• December 3: Montreal, Quebec: After being held hostage for 60 days, kidnapped British Trade Commissioner James Cross is released by the FLQ Liberation cell terrorists after negotiations with police. Simultaneously, the five known terrorist members, Marc Carbonneau, Yves Langlois, Jacques Lanctôt, Jacques Cossette-Trudel and his wife, Louise Lanctôt, are granted their request for safe passage to Cuba by the Government of Canada after approval by Fidel Castro. They are flown to Cuba by a Canadian Forces aircraft. One of them is the same Jacques Lanctôt who earlier that year had been arrested and then released on bail for the attempted kidnapping of the Israeli consul.

  • December 27: Saint-Luc, Quebec: The three remaining members of the Chenier Cell still at large, Paul Rose, Jacques Rose, and Francis Simard, are arrested after being found hiding in a 6 m tunnel in the rural farming community. They would be charged with the kidnapping and murder of Pierre Laporte.

In the middle of the crisis, adding to the fear were the comments of the powerful and radical labour leader and vociferous FLQ supporter, Michel Chartrand, who said, "We are going to win because there are more boys ready to shoot members of Parliament than there are policemen."


Canadian soldiers in the streets during the FLQ crisis.  Frank Prazak photo via Library and Archives Canada

War Measures Act and Military Involvement

When asked by a reporter how far he was willing to go to stop the FLQ, Prime Minister Pierre Trudeau famously replied "Just watch me". Three days later he invoked the War Measures Act at the request of the Premier of Quebec, Robert Bourassa, and the Mayor of Montreal, Jean Drapeau. At the time, opinion polls in Quebec and the rest of Canada showed overwhelming support for this move. Politician and future Parti Québécois Premier René Levesque wrote that he agreed it was necessary under the circumstances.

Simultaneously, under provisions quite separate from the War Measures Act and much more commonly used, the Solicitor-General of Quebec requisitioned the deployment of the military from the Chief of the Defence Staff in accordance with the National Defence Act. Troops from Quebec bases and elsewhere in the country were dispatched, under the direction of the Sûreté du Québec (Quebec's provincial police force), to guard vulnerable points as well as prominent individuals at risk. This freed the police to pursue more proactive tasks in dealing with the crisis.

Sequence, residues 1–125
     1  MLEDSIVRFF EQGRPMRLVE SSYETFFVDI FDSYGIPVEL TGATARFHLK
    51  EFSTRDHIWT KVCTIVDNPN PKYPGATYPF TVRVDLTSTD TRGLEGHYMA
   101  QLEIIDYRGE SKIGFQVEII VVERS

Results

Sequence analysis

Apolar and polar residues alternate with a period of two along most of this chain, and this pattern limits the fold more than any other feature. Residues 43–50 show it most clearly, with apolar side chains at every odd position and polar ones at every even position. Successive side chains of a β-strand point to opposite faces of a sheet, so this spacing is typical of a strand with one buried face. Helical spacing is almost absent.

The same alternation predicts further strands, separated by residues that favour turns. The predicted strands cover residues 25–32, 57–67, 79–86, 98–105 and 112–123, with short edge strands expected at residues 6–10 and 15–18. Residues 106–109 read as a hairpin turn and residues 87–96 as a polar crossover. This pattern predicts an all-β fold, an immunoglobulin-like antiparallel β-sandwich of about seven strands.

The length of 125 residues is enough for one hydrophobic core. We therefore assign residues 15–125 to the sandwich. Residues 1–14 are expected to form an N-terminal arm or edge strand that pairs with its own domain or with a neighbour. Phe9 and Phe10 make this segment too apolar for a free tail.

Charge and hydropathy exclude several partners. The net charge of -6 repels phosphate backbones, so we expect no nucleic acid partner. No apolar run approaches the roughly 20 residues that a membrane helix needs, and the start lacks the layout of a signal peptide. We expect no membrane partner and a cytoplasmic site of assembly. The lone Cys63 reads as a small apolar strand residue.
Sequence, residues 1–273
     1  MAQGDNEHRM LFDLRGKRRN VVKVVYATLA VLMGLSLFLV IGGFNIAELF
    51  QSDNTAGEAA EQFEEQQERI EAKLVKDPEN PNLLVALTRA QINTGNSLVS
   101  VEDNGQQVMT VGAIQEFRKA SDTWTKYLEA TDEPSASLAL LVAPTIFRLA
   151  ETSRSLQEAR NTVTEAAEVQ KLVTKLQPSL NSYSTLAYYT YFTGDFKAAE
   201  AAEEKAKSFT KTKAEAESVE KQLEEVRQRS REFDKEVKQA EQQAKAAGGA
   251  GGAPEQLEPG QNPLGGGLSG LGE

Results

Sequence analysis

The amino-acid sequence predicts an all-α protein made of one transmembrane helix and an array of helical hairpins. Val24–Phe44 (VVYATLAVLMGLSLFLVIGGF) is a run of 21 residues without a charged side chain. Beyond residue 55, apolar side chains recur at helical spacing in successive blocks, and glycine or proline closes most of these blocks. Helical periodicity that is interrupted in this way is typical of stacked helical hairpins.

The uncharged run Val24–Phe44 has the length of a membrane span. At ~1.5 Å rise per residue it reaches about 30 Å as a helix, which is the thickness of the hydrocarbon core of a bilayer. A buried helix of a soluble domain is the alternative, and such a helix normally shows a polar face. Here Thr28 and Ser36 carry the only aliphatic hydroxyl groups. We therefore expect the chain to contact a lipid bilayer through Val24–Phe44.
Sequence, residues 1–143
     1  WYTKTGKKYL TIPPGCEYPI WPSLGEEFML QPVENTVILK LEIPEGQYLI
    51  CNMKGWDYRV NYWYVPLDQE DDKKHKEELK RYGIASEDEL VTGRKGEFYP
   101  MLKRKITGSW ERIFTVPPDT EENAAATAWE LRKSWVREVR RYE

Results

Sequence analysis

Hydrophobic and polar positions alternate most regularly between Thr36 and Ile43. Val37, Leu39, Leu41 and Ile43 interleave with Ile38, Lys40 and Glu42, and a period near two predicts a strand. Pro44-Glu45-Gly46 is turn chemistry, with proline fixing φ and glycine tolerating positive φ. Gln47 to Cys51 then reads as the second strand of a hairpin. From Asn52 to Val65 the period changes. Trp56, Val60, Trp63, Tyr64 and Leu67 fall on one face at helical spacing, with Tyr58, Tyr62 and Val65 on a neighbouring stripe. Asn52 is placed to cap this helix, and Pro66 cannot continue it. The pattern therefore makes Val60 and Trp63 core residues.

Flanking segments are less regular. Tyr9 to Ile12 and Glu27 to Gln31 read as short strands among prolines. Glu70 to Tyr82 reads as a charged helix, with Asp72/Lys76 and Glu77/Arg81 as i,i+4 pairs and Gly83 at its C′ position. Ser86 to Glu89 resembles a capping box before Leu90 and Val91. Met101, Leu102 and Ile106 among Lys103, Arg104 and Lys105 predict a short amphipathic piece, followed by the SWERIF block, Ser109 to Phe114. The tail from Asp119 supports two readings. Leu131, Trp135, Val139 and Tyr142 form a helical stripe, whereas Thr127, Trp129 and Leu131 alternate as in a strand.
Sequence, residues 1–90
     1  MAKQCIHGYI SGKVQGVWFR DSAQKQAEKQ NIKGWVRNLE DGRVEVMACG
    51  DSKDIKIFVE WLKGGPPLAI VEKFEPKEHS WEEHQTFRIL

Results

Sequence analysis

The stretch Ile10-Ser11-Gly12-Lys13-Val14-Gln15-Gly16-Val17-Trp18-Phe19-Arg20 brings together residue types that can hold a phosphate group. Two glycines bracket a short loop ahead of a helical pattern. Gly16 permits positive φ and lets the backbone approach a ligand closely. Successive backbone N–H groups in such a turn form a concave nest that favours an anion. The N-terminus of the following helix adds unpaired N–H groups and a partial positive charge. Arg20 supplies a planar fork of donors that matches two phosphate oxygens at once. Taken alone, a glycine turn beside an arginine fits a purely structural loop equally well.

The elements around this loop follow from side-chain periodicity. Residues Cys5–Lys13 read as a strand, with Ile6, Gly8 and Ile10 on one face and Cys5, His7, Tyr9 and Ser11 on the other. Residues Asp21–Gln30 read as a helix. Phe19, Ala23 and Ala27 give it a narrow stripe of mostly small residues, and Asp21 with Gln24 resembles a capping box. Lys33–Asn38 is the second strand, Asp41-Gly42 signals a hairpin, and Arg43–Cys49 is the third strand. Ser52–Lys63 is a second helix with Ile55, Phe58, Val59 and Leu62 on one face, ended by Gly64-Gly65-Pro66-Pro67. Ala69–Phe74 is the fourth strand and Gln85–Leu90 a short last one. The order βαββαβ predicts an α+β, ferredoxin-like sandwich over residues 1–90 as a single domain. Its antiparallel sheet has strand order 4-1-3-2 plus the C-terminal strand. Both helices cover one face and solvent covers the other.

Outside Quebec, mainly in the Ottawa area, the federal government deployed troops under its own authority to guard federal offices and employees. The combination of the increased powers of arrest granted by the War Measures Act and the military deployment requisitioned and controlled by the government of Quebec, gave every appearance that martial law had been imposed. In actual fact, the military remained in a support role to the civil authorities and never had a judicial role.

Once the War Measures Act was in place, arrangements were made for all detainees to see legal counsel. In addition, the Quebec Ombudsman, Louis Marceau, was instructed to hear complaints of detainees and the Quebec government agreed to pay damages to any person unjustly arrested. On 3 February 1971, Minister of Justice John Turner reported that 497 persons had been arrested under the War Measures Act, of whom 435 had already been released. The other 62 were charged, of which 32 were crimes of such seriousness that a Quebec Superior Court judge refused them bail.